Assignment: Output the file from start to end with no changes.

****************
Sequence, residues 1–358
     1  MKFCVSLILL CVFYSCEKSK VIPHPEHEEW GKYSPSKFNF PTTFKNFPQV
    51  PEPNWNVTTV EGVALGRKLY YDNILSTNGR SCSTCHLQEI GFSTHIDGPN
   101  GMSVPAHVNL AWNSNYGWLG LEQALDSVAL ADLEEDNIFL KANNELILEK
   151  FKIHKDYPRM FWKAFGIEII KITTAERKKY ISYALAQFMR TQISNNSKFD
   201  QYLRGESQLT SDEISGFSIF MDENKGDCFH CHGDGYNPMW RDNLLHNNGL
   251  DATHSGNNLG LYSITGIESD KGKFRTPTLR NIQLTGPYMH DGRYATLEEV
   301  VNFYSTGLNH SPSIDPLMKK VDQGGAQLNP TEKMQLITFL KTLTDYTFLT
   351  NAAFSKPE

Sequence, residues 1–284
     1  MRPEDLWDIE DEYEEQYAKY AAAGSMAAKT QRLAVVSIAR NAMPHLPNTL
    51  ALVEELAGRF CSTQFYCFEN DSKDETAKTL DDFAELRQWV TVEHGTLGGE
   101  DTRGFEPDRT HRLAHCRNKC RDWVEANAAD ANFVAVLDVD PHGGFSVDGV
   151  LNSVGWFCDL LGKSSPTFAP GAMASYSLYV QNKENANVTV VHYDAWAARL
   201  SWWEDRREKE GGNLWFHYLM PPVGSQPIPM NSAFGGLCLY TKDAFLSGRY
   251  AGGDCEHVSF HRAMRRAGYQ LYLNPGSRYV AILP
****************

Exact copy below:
Sequence, residues 1–358
     1  MKFCVSLILL CVFYSCEKSK VIPHPEHEEW GKYSPSKFNF PTTFKNFPQV
    51  PEPNWNVTTV EGVALGRKLY YDNILSTNGR SCSTCHLQEI GFSTHIDGPN
   101  GMSVPAHVNL AWNSNYGWLG LEQALDSVAL ADLEEDNIFL KANNELILEK
   151  FKIHKDYPRM FWKAFGIEII KITTAERKKY ISYALAQFMR TQISNNSKFD
   201  QYLRGESQLT SDEISGFSIF MDENKGDCFH CHGDGYNPMW RDNLLHNNGL
   251  DATHSGNNLG LYSITGIESD KGKFRTPTLR NIQLTGPYMH DGRYATLEEV
   301  VNFYSTGLNH SPSIDPLMKK VDQGGAQLNP TEKMQLITFL KTLTDYTFLT
   351  NAAFSKPE

Sequence, residues 1–284
     1  MRPEDLWDIE DEYEEQYAKY AAAGSMAAKT QRLAVVSIAR NAMPHLPNTL
    51  ALVEELAGRF CSTQFYCFEN DSKDETAKTL DDFAELRQWV TVEHGTLGGE
   101  DTRGFEPDRT HRLAHCRNKC RDWVEANAAD ANFVAVLDVD PHGGFSVDGV
   151  LNSVGWFCDL LGKSSPTFAP GAMASYSLYV QNKENANVTV VHYDAWAARL
   201  SWWEDRREKE GGNLWFHYLM PPVGSQPIPM NSAFGGLCLY TKDAFLSGRY
   251  AGGDCEHVSF HRAMRRAGYQ LYLNPGSRYV AILP